Larry Wilmore's quest for a decent Republican: "How's decency polling in the race right now?"

Zero percent? "F*ck me! I knew it was too good to last," Wilmore said


Sarah Burris
December 17, 2015 5:40PM (UTC)

Larry Wilmore began his debate wrap-up by saying that it was Ben Carson's opportunity to seem a little smarter about foreign policy. So how did Carson begin? With a moment of silence.

"Why are you asking for a moment of silence? We can barely hear you as it is!"

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Leave it up to Wilmore to find the only truly valid reason Carson's moment of silence was hilarious. Epic pandering aside, Wilmore said he thought Carson was stalling like a kid who has to do a book report on a book he didn't read.

When it comes to someone who actually said something right in the debate, it came from the most unlikely of places: Lindsey Graham. In the Kids Table debate, Graham thanked the 3,500 Muslims who are serving in the U.S. armed forces saying that he understands they are not the enemy and indeed Islam is not the enemy, but rather radical extremism is the enemy.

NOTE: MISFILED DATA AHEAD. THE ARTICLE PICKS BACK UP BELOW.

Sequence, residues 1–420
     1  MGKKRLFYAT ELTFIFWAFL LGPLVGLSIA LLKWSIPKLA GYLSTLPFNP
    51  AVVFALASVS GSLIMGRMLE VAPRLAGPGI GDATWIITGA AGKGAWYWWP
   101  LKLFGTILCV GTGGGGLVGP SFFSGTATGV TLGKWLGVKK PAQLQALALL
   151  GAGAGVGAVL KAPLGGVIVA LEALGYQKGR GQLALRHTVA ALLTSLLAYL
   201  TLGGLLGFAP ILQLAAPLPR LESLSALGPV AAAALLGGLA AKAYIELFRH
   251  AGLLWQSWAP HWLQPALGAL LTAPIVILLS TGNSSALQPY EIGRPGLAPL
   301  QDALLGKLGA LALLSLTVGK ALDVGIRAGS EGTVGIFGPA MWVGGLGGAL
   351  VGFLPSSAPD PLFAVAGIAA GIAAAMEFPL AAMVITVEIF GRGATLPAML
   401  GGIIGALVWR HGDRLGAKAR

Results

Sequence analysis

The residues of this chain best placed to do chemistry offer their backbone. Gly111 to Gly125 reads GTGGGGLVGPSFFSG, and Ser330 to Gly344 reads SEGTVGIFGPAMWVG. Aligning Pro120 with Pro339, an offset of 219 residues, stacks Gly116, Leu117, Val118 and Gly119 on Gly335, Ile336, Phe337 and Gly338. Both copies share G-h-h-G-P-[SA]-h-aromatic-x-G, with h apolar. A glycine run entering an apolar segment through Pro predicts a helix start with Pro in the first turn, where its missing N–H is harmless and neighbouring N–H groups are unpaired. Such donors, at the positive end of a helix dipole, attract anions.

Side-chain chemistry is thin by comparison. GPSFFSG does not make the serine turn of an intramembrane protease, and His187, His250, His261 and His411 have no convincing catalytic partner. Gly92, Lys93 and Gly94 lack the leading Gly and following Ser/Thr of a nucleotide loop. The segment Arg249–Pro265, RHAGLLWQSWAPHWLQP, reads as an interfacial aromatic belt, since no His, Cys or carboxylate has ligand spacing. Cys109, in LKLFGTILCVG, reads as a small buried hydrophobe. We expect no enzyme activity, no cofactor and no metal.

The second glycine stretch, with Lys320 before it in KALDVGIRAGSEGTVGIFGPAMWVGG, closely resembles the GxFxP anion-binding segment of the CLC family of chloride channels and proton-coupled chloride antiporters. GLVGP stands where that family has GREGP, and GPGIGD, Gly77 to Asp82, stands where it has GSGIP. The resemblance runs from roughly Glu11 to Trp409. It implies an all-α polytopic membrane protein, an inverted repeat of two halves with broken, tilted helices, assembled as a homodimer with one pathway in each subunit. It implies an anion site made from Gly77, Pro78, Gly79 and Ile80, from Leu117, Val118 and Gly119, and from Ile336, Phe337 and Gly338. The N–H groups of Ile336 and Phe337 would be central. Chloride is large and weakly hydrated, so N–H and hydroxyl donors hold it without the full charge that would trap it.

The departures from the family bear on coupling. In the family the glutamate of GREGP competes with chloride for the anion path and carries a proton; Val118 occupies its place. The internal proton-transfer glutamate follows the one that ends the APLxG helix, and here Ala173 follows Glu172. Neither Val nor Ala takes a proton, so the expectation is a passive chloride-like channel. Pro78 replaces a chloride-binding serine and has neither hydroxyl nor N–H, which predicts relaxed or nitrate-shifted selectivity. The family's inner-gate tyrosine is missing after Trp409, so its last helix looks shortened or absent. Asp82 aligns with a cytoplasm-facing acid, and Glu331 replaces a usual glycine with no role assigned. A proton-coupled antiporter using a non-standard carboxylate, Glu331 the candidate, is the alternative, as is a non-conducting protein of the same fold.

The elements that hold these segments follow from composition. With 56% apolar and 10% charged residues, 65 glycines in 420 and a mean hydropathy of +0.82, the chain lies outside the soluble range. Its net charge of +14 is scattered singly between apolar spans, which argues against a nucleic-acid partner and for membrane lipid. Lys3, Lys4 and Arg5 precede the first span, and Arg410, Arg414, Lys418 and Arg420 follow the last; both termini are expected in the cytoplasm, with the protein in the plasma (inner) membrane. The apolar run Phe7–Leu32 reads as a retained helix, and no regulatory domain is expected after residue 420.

Wilmore applauded the courageous statement saying that it was powerful and decent. "Just out of curiosity, how's decency polling in the race right now?" Wilmore asked before showing Graham's poll numbers at zero percent.

"This is the definition of tough talk, in my mind," Wilmore said. "When you say something that is not red meat, meant for the base, not meant to get votes, it's just the right thing to do ... Wow. Lindsey Graham, you won me over man!"

But then it all pretty much went to shit when Graham said he missed George W. Bush and wished he was president "right now."

"I knew it was too good to last," Wilmore said.

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But the only thing worse than politicians arguing all night are the pundits that follow talking over each other.

How does Wilmore explain the shit-show that is punditry? By having comedians Mike Yard and Rory Albanese who switch roles as "Black guy" and "Jewish guy" to prove how easy it is to be outraged by anything:

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Sarah Burris

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